Rethinking the Weight-Management Market

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Innovation
There’s plenty in this category to help people looking to manage their weight or drop some holiday pounds. Our experts pinpointed innovations that can address both weight and health. One major upcoming trend in this area, according to Sugarek MacDonald: “The newest and hottest products in this category are going to include those with apple cider vinegar. For instance, a clinical trial completed in Japan investigated the effects of vinegar intake on reducing body fat mass in obese Japanese men and women in a double-blind trial. The vinegar used in this trial contained 4-8% acetic acid, the same concentration found in Bluebonnet’s Apple Cider Vinegar Vegetable Capsules. During the 12-week treatment period, the subjects in each group ingested 500 ml daily of a beverage containing either 15 ml of vinegar (750 mg AcOH), 30 ml of vinegar (1,500 mg AcOH), or 0 ml of vinegar (0 mg AcOH, placebo). Bodyweight, visceral fat area, waist circumference, and serum triglyceride levels were significantly lower in both vinegar intake groups than placebo. The authors concluded that daily intake of vinegar might be useful in preventing metabolic syndrome by reducing obesity. While the research is limited, customers are flocking to websites and the stores for the latest and greatest.

Another approach: Microbiome modulators. “Offering a much more natural approach to weight management, prebiotic and dietary fiber blends, probiotics and postbiotics are all solutions that can help consumers maintain a healthy weight,” explains Steven Riley, Director of Marketing and Consumer Sales at OptiBiotix Health Plc. “Prebiotic dietary fibers in combination with a trace mineral like chromium, for instance, have been proven to reduce body weight, while aiding sustainable weight loss. Our multi-award-winning SlimBiome has demonstrated this in its latest scientific study conducted by the University of Roehampton. When SlimBiome was taken for just four weeks, it led to significantly reduced body weight by an average of 1.9kg, body fat percentage, waist and hip circumference, and systolic blood pressure. In addition, participants showed a reduction in sweet cravings, a statistically significant reduction in savory cravings, and statistically significant positive impact on mood and gut microbiome composition.”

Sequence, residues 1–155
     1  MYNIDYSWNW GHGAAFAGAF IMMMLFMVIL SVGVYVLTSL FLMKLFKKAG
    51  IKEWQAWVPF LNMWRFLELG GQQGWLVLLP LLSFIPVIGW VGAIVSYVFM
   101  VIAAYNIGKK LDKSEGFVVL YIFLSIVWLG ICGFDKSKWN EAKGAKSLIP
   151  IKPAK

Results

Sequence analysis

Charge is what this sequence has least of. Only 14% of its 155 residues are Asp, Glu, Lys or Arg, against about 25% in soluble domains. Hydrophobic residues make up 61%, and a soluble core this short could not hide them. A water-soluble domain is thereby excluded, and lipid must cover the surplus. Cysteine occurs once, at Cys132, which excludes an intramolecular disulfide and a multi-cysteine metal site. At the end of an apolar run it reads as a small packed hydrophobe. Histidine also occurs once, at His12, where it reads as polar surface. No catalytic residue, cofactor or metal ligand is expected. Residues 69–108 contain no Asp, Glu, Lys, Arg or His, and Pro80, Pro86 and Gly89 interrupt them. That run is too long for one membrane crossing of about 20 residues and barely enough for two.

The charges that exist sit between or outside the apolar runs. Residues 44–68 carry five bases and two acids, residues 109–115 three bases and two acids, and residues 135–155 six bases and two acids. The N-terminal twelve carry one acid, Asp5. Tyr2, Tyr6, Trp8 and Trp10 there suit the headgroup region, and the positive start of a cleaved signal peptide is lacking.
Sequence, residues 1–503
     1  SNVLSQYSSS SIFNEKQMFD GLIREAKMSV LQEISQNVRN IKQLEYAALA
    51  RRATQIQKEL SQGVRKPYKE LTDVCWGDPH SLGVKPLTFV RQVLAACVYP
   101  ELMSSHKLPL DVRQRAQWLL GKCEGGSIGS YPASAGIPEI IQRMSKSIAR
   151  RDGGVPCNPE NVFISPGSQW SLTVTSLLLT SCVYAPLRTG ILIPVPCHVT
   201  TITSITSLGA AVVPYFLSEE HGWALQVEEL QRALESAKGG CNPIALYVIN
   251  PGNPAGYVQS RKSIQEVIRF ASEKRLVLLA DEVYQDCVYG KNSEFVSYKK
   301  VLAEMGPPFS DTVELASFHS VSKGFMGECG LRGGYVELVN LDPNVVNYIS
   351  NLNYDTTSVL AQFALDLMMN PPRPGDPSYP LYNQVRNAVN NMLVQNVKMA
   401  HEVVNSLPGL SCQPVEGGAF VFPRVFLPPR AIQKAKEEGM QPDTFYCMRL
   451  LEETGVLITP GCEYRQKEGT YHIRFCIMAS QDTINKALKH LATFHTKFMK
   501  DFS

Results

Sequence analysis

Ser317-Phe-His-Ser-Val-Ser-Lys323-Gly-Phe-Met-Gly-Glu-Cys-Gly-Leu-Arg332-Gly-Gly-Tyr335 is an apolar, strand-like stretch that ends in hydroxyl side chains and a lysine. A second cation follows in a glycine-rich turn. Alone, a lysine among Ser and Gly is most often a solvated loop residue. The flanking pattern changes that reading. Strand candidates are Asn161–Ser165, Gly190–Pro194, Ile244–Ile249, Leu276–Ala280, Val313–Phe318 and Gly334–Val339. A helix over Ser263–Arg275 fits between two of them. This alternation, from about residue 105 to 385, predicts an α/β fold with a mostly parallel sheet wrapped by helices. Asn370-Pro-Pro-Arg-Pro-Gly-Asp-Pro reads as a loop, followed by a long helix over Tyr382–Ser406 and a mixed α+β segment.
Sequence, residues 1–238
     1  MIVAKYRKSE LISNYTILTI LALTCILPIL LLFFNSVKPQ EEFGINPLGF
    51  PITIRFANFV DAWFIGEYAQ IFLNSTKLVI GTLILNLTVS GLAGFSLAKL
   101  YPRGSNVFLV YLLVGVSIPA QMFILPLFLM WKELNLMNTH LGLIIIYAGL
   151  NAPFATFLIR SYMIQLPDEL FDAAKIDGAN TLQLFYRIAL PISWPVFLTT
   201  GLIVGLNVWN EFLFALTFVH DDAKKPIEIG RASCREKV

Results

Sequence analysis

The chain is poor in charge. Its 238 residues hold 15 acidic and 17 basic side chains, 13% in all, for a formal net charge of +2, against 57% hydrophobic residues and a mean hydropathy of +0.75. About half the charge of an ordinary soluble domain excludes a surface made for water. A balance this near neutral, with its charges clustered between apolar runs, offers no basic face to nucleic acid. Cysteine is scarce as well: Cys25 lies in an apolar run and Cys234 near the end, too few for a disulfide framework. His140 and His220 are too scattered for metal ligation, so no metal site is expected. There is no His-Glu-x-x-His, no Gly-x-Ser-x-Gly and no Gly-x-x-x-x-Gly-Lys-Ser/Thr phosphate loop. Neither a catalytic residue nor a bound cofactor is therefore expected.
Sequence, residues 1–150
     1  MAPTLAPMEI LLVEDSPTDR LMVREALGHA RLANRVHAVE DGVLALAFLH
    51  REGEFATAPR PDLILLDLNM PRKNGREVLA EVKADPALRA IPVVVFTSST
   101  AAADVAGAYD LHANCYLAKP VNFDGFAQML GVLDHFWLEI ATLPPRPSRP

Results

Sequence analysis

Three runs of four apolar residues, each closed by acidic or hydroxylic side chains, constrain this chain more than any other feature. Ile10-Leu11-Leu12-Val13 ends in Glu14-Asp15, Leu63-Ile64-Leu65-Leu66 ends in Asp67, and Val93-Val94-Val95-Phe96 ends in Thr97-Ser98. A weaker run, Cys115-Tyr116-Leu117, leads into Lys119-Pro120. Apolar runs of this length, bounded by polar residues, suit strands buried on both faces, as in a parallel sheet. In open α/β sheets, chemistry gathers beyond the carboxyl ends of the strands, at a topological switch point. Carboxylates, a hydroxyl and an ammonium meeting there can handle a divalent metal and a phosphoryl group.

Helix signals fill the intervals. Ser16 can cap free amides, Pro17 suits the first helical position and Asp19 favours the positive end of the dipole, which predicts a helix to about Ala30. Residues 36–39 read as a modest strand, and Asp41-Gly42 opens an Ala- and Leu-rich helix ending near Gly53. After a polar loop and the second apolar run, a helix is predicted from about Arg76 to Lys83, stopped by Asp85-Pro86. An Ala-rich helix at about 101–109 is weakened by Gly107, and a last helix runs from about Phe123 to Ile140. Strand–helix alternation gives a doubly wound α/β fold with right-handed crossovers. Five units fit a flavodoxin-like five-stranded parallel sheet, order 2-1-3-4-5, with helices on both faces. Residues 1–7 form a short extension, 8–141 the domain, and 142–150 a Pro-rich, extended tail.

Muhammed Majeed, Ph.D., Chairman and Founder, Sabinsa, notes three new ingredients Sabinsa is offering in this category. “Cirpusins nutgrass root—Cyperus rotundus—supports a healthy body mass index. It is well-known in Ayurveda for various health benefits, ranging from antimicrobial, anti-convulsant, anti-platelet activity, analgesic, and anti-ulcer, but the activity that caught our interest is anti-obesity. The second ingredient, CurCousin, Sabinsa’s branded ingredient containing Calebin A, is a curcumin analog naturally present in Curcuma longa and Curcuma caesia. It helps balance cholesterol and support healthy blood sugar levels and circulation. It also supports a healthy body weight by inhibiting adipogenesis, fat cells. The third product, Nigellin, is a product enriched with thymoquinone and thymohydroquinone, isolated from the seeds of Nigella sativa, commonly known as black cumin seed. Nigellin is formulated to enhance the many therapeutic benefits of black cumin seeds. Modern clinical trials have sufficient evidence to show that Black Seed or its extracts, essential oil, or major components can lower blood pressure, relieve oxidative stress, lower fasting and postprandial glucose in diabetics, improve mitochondrial function, and more. Nigellin was awarded a U.S. patent for its use in decreasing blood glucose levels by inhibiting the enzyme involved in carbohydrate digestion and absorption, and increasing glucose uptake by the cells, indicating a potential use in managing diabetes and related conditions.”